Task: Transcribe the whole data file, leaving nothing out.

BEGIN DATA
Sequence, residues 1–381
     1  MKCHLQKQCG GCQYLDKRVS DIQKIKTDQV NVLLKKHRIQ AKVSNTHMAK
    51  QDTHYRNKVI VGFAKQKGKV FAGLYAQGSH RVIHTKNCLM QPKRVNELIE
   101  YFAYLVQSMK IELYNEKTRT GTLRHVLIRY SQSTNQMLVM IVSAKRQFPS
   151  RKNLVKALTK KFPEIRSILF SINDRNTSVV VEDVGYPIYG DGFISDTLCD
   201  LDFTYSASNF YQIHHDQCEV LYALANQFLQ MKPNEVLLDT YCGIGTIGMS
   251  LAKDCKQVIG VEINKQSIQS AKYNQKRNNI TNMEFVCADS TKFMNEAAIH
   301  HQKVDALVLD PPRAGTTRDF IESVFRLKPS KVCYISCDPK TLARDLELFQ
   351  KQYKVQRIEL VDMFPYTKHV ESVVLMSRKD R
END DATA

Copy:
Sequence, residues 1–381
     1  MKCHLQKQCG GCQYLDKRVS DIQKIKTDQV NVLLKKHRIQ AKVSNTHMAK
    51  QDTHYRNKVI VGFAKQKGKV FAGLYAQGSH RVIHTKNCLM QPKRVNELIE
   101  YFAYLVQSMK IELYNEKTRT GTLRHVLIRY SQSTNQMLVM IVSAKRQFPS
   151  RKNLVKALTK KFPEIRSILF SINDRNTSVV VEDVGYPIYG DGFISDTLCD
   201  LDFTYSASNF YQIHHDQCEV LYALANQFLQ MKPNEVLLDT YCGIGTIGMS
   251  LAKDCKQVIG VEINKQSIQS AKYNQKRNNI TNMEFVCADS TKFMNEAAIH
   301  HQKVDALVLD PPRAGTTRDF IESVFRLKPS KVCYISCDPK TLARDLELFQ
   351  KQYKVQRIEL VDMFPYTKHV ESVVLMSRKD R